White elitists dictate change to the diet of poor blacks; no one listens

The elitist white liberal bigots of Los Angeles decided that fat people are ugly, especially fat black people.  And so, disguising their disdain as concern for black health, they did what white liberals do...passed a law that doesn't affect them, prohibiting what others like – fast food – but they don't.  As the Daily Mail of the United Kingdom (not anywhere near Los Angeles) not so surprisingly headlines, "LA's fast food ban didn't lower obesity in poor areas because people just went elsewhere for unhealthy food, study finds."

The South Los Angeles fast-food ban did not decrease obesity in poor neighborhoods because residents found unhealthy food at restaurants in strip malls and convenience stores instead, a new study has found.

In 2008, a dietary ordinance targeted a 32-square-mile area south of Interstate 10 that struggles with high obesity rates and other health problems.

This area is not so coincidentally far from wealthy, liberal Beverly Hills and Hollywood, where thin is in and diet crazes abound.  So if a (former) Hollywood denizen such as Candice Bergen proudly, obviously gains a few pounds, well, this law won't affect her. 

Candice Bergen is well rounded — and proud of it.

“Let me just come right out and say it: I am fat,” the “Murphy Brown” star declares in her new memoir, “A Fine Romance.”

“In the past 15 years . . . I have put on 30 pounds. I live to eat. None of this ‘eat to live’ stuff for me. I am a champion eater. No carb is safe — no fat, either,” she boasts.

Meanwhile, back in South Los Angeles...

The ban went into effect in South Los Angeles and restricted the opening or expansion of standalone fast-food restaurants. (snip)

Roland Sturm, a senior economist at RAND Corporation and lead author of the study, said findings should not come as a surprise, as most food outlets in the area are small food stores or restaurants that have limited seating and were not affected by the policy.

Oh, well that explains the failure: the law didn't go far enough.  Obviously the residents of South LA prefer to purchase food they enjoy despite the wishes of their betters.  These fat – er, obese people cannot be trusted to purchase the type of food that the elitists of Los Angeles consider healthy...and that will make them more attractive and not harm the elitists' eyes should they be so unfortunate as to look at them.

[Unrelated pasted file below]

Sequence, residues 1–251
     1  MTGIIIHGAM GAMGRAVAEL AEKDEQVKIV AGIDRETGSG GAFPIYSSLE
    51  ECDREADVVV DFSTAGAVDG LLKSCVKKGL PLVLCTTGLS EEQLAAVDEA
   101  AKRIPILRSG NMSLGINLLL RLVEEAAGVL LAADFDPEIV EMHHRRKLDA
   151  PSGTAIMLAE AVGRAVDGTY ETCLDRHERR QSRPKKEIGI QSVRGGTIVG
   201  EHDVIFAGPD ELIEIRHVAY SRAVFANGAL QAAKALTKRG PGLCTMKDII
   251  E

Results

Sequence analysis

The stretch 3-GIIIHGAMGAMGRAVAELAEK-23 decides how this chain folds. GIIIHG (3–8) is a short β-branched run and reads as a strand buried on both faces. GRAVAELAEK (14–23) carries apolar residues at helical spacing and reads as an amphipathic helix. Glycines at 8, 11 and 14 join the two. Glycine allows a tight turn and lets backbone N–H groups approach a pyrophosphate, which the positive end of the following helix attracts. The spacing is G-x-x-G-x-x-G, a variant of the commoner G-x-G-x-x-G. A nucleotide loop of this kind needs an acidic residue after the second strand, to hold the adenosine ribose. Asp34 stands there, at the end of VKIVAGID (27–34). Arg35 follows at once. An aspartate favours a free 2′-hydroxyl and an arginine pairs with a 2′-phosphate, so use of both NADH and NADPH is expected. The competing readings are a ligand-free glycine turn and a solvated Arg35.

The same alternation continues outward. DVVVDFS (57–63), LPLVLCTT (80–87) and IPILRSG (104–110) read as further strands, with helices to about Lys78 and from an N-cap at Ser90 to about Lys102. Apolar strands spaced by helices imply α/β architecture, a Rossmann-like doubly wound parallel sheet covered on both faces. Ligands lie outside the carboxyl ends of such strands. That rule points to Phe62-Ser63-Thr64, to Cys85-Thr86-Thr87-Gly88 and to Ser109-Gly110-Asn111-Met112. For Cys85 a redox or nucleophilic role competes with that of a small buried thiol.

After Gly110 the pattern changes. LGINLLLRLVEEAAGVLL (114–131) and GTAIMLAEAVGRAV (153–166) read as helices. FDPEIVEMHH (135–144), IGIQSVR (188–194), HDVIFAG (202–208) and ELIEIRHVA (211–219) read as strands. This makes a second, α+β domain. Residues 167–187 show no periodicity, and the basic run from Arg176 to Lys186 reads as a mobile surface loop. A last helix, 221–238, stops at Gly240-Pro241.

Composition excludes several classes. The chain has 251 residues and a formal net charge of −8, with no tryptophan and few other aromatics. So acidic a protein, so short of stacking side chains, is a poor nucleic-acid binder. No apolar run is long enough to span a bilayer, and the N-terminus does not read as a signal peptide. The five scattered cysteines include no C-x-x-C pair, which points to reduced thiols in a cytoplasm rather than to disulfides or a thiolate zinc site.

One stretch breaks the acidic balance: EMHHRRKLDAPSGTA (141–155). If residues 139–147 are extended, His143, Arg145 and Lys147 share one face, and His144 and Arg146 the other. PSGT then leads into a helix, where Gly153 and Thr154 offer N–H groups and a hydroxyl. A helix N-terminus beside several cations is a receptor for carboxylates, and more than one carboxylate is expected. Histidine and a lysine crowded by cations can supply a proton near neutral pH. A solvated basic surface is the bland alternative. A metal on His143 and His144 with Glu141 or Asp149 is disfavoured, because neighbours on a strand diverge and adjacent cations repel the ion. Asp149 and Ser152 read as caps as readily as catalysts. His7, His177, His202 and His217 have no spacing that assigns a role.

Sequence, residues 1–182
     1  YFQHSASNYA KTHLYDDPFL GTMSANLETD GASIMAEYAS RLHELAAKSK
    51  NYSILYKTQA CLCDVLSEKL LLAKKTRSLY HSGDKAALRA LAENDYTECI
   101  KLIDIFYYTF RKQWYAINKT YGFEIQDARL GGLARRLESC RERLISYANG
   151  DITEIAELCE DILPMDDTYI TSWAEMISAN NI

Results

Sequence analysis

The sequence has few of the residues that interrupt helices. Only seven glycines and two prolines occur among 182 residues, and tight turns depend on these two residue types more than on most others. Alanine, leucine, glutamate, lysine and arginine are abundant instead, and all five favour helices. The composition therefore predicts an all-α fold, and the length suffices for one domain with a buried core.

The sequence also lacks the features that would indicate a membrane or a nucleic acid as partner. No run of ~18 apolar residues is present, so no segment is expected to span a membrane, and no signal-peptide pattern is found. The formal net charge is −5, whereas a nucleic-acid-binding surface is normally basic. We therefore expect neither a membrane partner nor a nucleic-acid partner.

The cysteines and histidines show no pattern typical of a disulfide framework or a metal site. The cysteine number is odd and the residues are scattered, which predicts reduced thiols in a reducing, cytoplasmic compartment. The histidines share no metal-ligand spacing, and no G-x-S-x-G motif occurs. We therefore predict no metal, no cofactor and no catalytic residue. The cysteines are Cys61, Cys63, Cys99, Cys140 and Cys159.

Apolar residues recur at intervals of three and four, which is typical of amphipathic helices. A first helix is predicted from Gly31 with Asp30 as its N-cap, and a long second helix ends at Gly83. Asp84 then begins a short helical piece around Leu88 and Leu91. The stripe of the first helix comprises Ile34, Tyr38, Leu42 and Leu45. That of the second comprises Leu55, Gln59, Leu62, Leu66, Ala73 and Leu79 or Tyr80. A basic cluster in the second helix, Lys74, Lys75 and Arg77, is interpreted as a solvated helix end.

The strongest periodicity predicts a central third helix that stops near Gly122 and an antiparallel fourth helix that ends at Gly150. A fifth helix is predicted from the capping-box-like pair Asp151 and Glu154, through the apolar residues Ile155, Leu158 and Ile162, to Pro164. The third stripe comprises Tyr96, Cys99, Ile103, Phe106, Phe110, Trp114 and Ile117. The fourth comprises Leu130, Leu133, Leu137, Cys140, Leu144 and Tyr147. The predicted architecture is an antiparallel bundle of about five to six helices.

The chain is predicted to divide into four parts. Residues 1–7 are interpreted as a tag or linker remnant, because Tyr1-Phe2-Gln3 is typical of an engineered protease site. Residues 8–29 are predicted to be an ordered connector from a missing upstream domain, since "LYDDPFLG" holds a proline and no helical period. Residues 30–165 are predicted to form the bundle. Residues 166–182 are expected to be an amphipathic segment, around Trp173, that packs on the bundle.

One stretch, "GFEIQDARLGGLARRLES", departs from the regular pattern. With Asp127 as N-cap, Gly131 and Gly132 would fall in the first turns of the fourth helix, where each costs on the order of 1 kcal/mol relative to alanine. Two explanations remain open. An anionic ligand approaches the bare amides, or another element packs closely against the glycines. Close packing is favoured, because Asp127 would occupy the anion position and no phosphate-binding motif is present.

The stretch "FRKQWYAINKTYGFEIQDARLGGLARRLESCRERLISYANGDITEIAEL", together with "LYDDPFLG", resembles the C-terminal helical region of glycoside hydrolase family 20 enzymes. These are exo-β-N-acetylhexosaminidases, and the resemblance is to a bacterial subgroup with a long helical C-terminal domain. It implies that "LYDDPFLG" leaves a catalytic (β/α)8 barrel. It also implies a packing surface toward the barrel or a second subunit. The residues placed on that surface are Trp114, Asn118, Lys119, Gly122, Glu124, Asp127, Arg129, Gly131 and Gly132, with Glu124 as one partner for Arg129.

The law, targeted to standalone restaurants only, was limited.

However, the law, believed to be the first effort of its kind by a major city to improve public health, did not ban new fast food restaurants in strip malls.

This made it possible for unhealthy food to continue making its way into the low-income neighborhoods.

Almost half of the new food permits were for convenience stores that sell soda and junk food.

OMG!  Healthy food such as fruits and vegetables was also allowed to make "its way into the low-income neighborhood" alongside the "junk food" but for some reason apparently didn't.  Maybe because few people purchased it, though the law graciously didn't prohibit those types of foods.  Indeed, the law, following the law of unintended consequences, apparently made fat people fatter people.  

Findings showed that before the dietary ordinance went into effect in 2008, 63 per cent of residents in the area reported being overweight or obese compared to 57 per cent in other parts of the county.

But three years on, instead of the law curbing weight gain, the opposite trend took force as obesity rates grew by 12 per cent in South Los Angeles.

'The South Los Angeles fast food ban may have symbolic value, but it has had no measurable impact in improving diets or reducing obesity,' said Sturm. 

The study also revealed that obesity rates following the ban have been significantly larger in South Los Angeles compared to other parts of the city. In 2011, 75 per cent of South Los Angeles residents reported being overweight or obese, while rates elsewhere only increased by one per cent.

Does this spectacular failure deter the liberal racist elitists posing as concerned citizens?  Of course not.  

Barry Popkin, a professor from University of North Carolina, Chapel Hill said he was not surprised by Sturm's observation and that the ban was 'too trivial'.

However, Kelly Brownell, a professor from Duke University said the ban was not a trivial measure, and that setting limits could help prevent problems. He also said he was not surprised the ordinance was not effective.

Health experts said a single intervention would not reverse the obesity problem. People also have to exercise and make lifestyle changes, they said.

'It's not just about limiting unhealthy food, but increasing access to healthy food,' Alex Ortega, a professor of public health at the University of California, Los Angeles, who had no role in the study.

"Access to healthy food."  What a unique idea.  Perhaps the owners of the convenience stores never thought of it, and the residents never thought of buying healthy food or knew it even existed or what it was.  Perhaps soon the lawmakers will decree another intervention: "People also have to exercise and make lifestyle changes."

Maybe schools will now dictate how much and what kinds of foods their students can eat, even if the students and their parents complain the portions are skimpy and the food is unappetizing.  Maybe they will force the students to, oh, I don't know, Let's Move.